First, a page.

Though Sacramento has lost its last five games, the Kings are not an opponent to be taken lightly.
As impressive as the Lakers have been over the last few games, they are not only continuing to acclimate themselves to D'Antoni's offense but also have a target on their backs after dismantling the Kings a little over a week ago.
Morale is non-existent in Sacramento right now, and the Kings are looking to build any kind of momentum that they can. Almost needless to say, pulling off the upset over Hollywood's brightest would be a great place to start.
But will the Kings be able to capitalize off of a Lakers team coming off a grueling victory on Tuesday night, or will Kobe Bryant and company bury Sacramento even deeper in its own misery?
Time: Wednesday, November 21st, 10 p.m. ET
TV: NBA League Pass
Records: Los Angeles Lakers (6-5), Sacramento Kings (2-8)
Betting Line: Lakers -5.5
Injuries (via CBSSports.com)
Lakers: Steve Blake (abdomen, out); Steve Nash (leg, out).
Key Storyline: Can the Lakers keep this crazy training rolling?
The Lakers are riding a statistical high.
Los Angeles is putting points on the board while protecting the ball at a high rate and have three straight victories to show for it. Its most recent victory over the Brooklyn Nets wasn't the prettiest of displays, but the team got the job done and has climbed over .500 for the first time all season.
Now the Lakers have the pleasure of facing a Kings team that is entrenched in more turmoil than it ever was. Though that would imply an easy win is on the horizon, D'Antoni and the Lakers have to be mindful of their opponent.
The Kings are horrible, but they're also desperate. Combine that with the fact that they're not so much as inept as they are underachievers, and you have a potentially dangerous unit.
Los Angeles' starters are also coming off of a heavy night, as they enter the latter half of a back-to-back. Every starter, aside from Darius Morris, logged at least 39 minutes of burn against the Nets.
No one's about to criticize D'Antoni for doing what it took to win, nor are they going to ask him to monitor the minutes of his best players, but how the Lakers respond to such a heavy workload will say a great deal in determining the outcome of this game.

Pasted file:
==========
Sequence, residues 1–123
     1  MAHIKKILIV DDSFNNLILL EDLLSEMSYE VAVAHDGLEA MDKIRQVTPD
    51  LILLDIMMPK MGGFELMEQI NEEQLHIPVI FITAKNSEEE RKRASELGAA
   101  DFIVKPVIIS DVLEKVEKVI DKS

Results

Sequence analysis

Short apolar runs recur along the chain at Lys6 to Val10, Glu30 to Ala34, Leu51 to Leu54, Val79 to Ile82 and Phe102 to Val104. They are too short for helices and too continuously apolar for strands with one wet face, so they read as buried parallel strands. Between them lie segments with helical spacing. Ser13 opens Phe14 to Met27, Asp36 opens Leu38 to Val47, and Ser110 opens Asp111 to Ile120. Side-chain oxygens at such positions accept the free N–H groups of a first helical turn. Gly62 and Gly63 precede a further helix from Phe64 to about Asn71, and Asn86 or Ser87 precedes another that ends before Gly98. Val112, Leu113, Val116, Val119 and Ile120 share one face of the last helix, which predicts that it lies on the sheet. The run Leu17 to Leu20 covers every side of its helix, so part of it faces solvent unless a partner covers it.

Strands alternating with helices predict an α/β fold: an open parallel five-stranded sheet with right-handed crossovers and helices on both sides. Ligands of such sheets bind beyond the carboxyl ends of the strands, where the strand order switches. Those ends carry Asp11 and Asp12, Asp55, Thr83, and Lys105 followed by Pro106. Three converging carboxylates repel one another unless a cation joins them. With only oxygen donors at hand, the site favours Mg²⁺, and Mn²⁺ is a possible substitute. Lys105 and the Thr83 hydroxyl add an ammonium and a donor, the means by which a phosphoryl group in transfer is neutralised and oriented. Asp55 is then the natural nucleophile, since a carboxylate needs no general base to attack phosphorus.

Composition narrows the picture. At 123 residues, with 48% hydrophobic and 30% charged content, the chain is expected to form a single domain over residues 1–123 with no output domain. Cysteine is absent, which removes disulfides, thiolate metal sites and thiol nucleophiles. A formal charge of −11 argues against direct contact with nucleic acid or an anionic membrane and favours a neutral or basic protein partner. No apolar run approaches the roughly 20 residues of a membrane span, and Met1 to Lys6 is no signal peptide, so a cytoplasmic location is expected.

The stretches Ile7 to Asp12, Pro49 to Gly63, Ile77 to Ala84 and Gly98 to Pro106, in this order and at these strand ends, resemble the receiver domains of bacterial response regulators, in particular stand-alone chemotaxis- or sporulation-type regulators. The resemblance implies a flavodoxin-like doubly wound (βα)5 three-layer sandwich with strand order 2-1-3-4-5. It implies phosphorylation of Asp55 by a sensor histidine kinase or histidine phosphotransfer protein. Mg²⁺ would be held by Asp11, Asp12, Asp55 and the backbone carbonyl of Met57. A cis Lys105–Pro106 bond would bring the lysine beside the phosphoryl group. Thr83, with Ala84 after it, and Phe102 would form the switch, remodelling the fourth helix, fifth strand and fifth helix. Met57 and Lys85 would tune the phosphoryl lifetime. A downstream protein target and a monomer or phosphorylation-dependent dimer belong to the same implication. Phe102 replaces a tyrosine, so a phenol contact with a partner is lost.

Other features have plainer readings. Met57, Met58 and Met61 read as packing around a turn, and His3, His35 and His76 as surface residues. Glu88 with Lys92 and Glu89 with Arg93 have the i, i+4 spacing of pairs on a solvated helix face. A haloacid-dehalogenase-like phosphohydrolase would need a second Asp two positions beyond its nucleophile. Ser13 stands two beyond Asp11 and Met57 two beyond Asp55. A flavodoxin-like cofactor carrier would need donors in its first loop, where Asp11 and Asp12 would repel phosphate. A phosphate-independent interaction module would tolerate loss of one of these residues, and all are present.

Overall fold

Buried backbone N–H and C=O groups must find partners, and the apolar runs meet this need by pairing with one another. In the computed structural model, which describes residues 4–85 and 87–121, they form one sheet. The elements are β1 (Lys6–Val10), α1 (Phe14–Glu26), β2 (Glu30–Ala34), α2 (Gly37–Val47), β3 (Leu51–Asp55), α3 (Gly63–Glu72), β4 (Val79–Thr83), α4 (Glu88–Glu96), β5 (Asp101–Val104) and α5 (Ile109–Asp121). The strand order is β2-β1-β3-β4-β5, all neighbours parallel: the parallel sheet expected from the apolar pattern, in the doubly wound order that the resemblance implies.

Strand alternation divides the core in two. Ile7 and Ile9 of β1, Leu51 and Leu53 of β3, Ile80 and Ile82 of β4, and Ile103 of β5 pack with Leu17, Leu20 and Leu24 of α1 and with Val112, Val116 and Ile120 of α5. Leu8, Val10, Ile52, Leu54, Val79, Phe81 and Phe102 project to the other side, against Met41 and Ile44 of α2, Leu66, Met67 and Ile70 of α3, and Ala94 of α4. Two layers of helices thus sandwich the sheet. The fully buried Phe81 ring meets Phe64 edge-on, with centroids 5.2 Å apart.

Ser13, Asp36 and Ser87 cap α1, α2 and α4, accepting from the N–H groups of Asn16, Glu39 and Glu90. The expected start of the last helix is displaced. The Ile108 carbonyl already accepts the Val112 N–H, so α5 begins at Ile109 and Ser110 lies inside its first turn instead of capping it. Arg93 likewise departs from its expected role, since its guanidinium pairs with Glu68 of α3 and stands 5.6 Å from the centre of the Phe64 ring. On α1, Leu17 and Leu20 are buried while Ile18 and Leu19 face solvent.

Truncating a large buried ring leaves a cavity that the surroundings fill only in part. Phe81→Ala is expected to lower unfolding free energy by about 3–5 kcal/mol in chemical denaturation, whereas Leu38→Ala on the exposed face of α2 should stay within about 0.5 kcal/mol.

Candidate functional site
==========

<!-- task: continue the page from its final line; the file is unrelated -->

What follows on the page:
Key Matchup: Dwight Howard, C, Lakers vs. DeMarcus Cousins, C, Kings
The battle of the two towers was surprisingly close the first time around.
In the Lakers' first bout against the Kings, Howard dropped 19 points, grabbed 12 rebounds and blocked four shots. He was also just 3-of-8 from the foul line and only managed to get off 12 shot attempts in 33 minutes of play.
Athletically, Howard has the clear edge over Cousins. He's quicker and boasts a much higher level of awareness on the defensive end of the floor.
That said, Cousins didn't roll over to Howard the first time, and he's not about to do so the second time.
In their first meeting, Cousins put up 16 points on 50 percent shooting from the field, snagged six rebounds and grabbed four steals. While he will have to work harder on the glass in this one, he matched Howard almost point-for-point and was a big reason why Los Angeles' behemoth wasn't allotted many shots.
Howard still has the obvious edge in this one, but this matchup has been close before, and if it's just as close again, the Lakers may not be able to simply traipse their way to victory in Sacramento.
Metta World Peace, SF, Lakers
Somewhat surprisingly, the Kings are holding opponents to just 32.1 percent shooting from beyond the arc, the fifth-best mark in the league.
D'Antoni's run-and-gun offense dictates that his team not only attempt but also make plenty of three-pointers.